Second, and sort of related, I would love the communities. A person might have four or five of them; her town, her family, her church, her school friends. Unless one lives in a small town, the only real communities left seem to be *offices* and even those fluctuate a lot more than a town population would have 200 years ago.

    Reply
  40. OK, two things spring to mind that I would really love. 1) NO TV!!! No radio, no video games, none of that electronic *stuff* that eats up such a huge amount of people’s time without giving them any real interaction. It seems really DIRE to me that a lot of households have one TV set per person, thus obviating any necessity for conversation!
    Second, and sort of related, I would love the communities. A person might have four or five of them; her town, her family, her church, her school friends. Unless one lives in a small town, the only real communities left seem to be *offices* and even those fluctuate a lot more than a town population would have 200 years ago.

    Reply
  41. I think I would have liked the fact that a woman didn’t have to try to do everything. There is no guilt over choices made because your choices were very limited.

    Reply
  42. I think I would have liked the fact that a woman didn’t have to try to do everything. There is no guilt over choices made because your choices were very limited.

    Reply
  43. I think I would have liked the fact that a woman didn’t have to try to do everything. There is no guilt over choices made because your choices were very limited.

    Reply
  44. I think I would have liked the fact that a woman didn’t have to try to do everything. There is no guilt over choices made because your choices were very limited.

    Reply
  45. I think I would have liked the fact that a woman didn’t have to try to do everything. There is no guilt over choices made because your choices were very limited.

    Reply
  46. I’d love to go for a walk a la Elizabeth Bennet and not see any wires anywhere. No cars, ditto.
    I love how the tables were set and meals laid. I have nowhere near the time, patience or inclination to live like that, but such niceties would be nice (for a while) if done by others. (I’m making a big assumption here as to class.)

    Reply
  47. I’d love to go for a walk a la Elizabeth Bennet and not see any wires anywhere. No cars, ditto.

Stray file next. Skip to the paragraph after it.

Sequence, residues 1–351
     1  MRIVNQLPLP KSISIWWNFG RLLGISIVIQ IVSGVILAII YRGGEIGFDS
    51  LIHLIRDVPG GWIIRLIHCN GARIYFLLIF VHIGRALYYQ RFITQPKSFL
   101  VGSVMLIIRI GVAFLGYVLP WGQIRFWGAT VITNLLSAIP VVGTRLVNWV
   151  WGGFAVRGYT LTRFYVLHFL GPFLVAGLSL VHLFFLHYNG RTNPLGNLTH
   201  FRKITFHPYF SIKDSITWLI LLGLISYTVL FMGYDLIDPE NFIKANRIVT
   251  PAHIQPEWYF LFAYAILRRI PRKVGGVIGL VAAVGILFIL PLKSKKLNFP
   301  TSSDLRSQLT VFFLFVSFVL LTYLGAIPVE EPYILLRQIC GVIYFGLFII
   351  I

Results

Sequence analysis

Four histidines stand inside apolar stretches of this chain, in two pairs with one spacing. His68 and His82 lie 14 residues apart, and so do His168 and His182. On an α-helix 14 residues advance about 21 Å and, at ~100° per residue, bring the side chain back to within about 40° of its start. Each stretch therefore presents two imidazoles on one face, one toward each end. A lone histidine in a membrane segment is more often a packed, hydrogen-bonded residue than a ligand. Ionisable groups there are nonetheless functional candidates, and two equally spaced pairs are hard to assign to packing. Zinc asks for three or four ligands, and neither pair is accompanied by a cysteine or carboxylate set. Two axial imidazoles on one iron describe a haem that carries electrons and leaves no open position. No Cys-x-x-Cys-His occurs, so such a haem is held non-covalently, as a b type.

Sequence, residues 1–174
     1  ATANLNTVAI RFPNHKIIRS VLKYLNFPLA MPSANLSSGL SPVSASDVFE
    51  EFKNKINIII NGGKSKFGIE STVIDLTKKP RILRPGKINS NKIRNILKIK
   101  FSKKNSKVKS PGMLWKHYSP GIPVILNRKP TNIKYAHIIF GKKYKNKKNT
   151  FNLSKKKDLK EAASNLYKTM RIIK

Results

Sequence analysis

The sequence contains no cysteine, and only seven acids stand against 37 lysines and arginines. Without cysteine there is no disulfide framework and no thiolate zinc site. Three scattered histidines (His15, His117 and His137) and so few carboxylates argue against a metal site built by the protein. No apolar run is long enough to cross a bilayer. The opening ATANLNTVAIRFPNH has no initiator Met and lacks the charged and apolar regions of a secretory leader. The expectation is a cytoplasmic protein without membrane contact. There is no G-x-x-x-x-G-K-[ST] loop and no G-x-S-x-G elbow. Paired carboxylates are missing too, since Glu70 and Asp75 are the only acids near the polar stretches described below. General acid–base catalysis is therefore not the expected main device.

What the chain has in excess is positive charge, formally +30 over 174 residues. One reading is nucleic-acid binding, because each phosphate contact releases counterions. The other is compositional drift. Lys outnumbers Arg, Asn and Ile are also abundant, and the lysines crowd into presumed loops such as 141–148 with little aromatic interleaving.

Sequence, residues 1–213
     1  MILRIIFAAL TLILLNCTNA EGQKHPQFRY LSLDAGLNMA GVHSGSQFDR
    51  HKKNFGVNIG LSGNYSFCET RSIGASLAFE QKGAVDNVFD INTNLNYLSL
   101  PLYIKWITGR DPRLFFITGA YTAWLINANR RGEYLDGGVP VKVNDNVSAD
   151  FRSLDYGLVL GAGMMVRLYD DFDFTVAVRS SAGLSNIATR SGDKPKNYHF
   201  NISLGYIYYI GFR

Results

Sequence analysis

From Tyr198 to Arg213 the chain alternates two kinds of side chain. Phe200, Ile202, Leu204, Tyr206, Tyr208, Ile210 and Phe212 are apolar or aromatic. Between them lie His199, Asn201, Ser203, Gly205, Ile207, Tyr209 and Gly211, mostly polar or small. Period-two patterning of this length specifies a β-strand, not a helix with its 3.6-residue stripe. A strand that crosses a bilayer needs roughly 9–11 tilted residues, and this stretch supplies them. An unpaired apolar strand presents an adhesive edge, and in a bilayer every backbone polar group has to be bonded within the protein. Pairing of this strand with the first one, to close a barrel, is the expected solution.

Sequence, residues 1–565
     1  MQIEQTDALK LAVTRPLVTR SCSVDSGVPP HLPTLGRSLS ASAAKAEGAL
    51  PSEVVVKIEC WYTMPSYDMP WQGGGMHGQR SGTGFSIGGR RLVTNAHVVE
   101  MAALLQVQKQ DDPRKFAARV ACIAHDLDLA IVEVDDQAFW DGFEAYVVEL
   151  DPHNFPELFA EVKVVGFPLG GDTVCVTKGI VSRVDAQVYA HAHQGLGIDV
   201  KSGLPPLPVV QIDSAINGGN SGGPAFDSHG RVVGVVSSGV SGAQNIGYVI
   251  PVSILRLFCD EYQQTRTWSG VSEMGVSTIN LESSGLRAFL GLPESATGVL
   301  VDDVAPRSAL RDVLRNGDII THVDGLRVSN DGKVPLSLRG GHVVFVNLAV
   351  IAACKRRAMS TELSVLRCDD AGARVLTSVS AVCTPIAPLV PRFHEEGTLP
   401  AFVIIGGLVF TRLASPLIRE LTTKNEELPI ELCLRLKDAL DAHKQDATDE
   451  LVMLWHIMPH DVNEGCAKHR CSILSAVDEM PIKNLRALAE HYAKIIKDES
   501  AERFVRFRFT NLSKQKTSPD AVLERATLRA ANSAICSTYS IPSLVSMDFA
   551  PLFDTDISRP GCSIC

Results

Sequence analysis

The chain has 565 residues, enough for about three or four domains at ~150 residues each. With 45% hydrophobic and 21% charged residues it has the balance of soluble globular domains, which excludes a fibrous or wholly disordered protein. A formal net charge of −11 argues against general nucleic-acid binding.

I love how the tables were set and meals laid. I have nowhere near the time, patience or inclination to live like that, but such niceties would be nice (for a while) if done by others. (I’m making a big assumption here as to class.)

    Reply
  48. I’d love to go for a walk a la Elizabeth Bennet and not see any wires anywhere. No cars, ditto.
    I love how the tables were set and meals laid. I have nowhere near the time, patience or inclination to live like that, but such niceties would be nice (for a while) if done by others. (I’m making a big assumption here as to class.)

    Reply
  49. I’d love to go for a walk a la Elizabeth Bennet and not see any wires anywhere. No cars, ditto.
    I love how the tables were set and meals laid. I have nowhere near the time, patience or inclination to live like that, but such niceties would be nice (for a while) if done by others. (I’m making a big assumption here as to class.)

    Reply
  50. I’d love to go for a walk a la Elizabeth Bennet and not see any wires anywhere. No cars, ditto.
    I love how the tables were set and meals laid. I have nowhere near the time, patience or inclination to live like that, but such niceties would be nice (for a while) if done by others. (I’m making a big assumption here as to class.)

    Reply
  51. When I was teaching at NMU in Marquette, MI, I used to attend the Episcopal church there. Along one side there was a series of In Memoriam stained-glass windows, all memorializing members of one family, mostly children–I think there were at least a dozen in all–all of whom died within a few days of each other, in the 1918 flu pandemic.